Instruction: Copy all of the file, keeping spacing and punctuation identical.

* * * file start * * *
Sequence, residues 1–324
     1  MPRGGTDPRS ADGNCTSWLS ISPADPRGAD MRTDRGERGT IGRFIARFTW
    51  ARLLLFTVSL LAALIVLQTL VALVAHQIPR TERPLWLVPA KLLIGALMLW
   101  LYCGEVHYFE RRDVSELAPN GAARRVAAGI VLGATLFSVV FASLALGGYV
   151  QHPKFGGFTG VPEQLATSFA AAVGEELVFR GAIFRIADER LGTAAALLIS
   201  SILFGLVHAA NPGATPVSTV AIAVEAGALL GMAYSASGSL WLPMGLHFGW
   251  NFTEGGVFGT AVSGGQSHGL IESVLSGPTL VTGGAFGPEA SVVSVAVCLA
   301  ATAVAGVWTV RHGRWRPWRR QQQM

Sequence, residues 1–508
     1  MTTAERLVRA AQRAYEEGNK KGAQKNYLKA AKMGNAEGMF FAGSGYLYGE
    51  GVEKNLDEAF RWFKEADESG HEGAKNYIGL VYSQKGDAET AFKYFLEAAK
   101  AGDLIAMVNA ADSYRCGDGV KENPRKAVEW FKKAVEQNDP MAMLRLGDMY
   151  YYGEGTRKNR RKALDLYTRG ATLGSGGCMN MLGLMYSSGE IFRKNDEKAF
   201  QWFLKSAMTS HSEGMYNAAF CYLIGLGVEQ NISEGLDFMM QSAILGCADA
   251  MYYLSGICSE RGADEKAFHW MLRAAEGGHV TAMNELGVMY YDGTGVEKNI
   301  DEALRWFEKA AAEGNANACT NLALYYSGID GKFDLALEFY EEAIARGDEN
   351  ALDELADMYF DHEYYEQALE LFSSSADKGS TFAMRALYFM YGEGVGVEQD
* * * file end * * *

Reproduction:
Sequence, residues 1–324
     1  MPRGGTDPRS ADGNCTSWLS ISPADPRGAD MRTDRGERGT IGRFIARFTW
    51  ARLLLFTVSL LAALIVLQTL VALVAHQIPR TERPLWLVPA KLLIGALMLW
   101  LYCGEVHYFE RRDVSELAPN GAARRVAAGI VLGATLFSVV FASLALGGYV
   151  QHPKFGGFTG VPEQLATSFA AAVGEELVFR GAIFRIADER LGTAAALLIS
   201  SILFGLVHAA NPGATPVSTV AIAVEAGALL GMAYSASGSL WLPMGLHFGW
   251  NFTEGGVFGT AVSGGQSHGL IESVLSGPTL VTGGAFGPEA SVVSVAVCLA
   301  ATAVAGVWTV RHGRWRPWRR QQQM

Sequence, residues 1–508
     1  MTTAERLVRA AQRAYEEGNK KGAQKNYLKA AKMGNAEGMF FAGSGYLYGE
    51  GVEKNLDEAF RWFKEADESG HEGAKNYIGL VYSQKGDAET AFKYFLEAAK
   101  AGDLIAMVNA ADSYRCGDGV KENPRKAVEW FKKAVEQNDP MAMLRLGDMY
   151  YYGEGTRKNR RKALDLYTRG ATLGSGGCMN MLGLMYSSGE IFRKNDEKAF
   201  QWFLKSAMTS HSEGMYNAAF CYLIGLGVEQ NISEGLDFMM QSAILGCADA
   251  MYYLSGICSE RGADEKAFHW MLRAAEGGHV TAMNELGVMY YDGTGVEKNI
   301  DEALRWFEKA AAEGNANACT NLALYYSGID GKFDLALEFY EEAIARGDEN
   351  ALDELADMYF DHEYYEQALE LFSSSADKGS TFAMRALYFM YGEGVGVEQD